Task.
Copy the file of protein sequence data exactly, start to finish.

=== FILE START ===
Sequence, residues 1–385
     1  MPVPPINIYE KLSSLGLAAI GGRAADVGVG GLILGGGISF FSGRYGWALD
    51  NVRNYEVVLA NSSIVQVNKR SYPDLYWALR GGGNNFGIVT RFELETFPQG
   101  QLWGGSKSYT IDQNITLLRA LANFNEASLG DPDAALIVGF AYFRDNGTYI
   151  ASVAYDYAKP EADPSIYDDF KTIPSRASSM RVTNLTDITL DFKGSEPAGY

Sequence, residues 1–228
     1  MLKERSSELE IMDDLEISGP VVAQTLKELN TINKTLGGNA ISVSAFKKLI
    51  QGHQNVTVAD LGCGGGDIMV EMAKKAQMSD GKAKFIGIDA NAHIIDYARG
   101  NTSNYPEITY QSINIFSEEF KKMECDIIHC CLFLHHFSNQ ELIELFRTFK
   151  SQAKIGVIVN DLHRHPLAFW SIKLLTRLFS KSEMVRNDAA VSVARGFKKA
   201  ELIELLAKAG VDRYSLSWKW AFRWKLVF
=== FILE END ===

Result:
Sequence, residues 1–385
     1  MPVPPINIYE KLSSLGLAAI GGRAADVGVG GLILGGGISF FSGRYGWALD
    51  NVRNYEVVLA NSSIVQVNKR SYPDLYWALR GGGNNFGIVT RFELETFPQG
   101  QLWGGSKSYT IDQNITLLRA LANFNEASLG DPDAALIVGF AYFRDNGTYI
   151  ASVAYDYAKP EADPSIYDDF KTIPSRASSM RVTNLTDITL DFKGSEPAGY

Sequence, residues 1–228
     1  MLKERSSELE IMDDLEISGP VVAQTLKELN TINKTLGGNA ISVSAFKKLI
    51  QGHQNVTVAD LGCGGGDIMV EMAKKAQMSD GKAKFIGIDA NAHIIDYARG
   101  NTSNYPEITY QSINIFSEEF KKMECDIIHC CLFLHHFSNQ ELIELFRTFK
   151  SQAKIGVIVN DLHRHPLAFW SIKLLTRLFS KSEMVRNDAA VSVARGFKKA
   201  ELIELLAKAG VDRYSLSWKW AFRWKLVF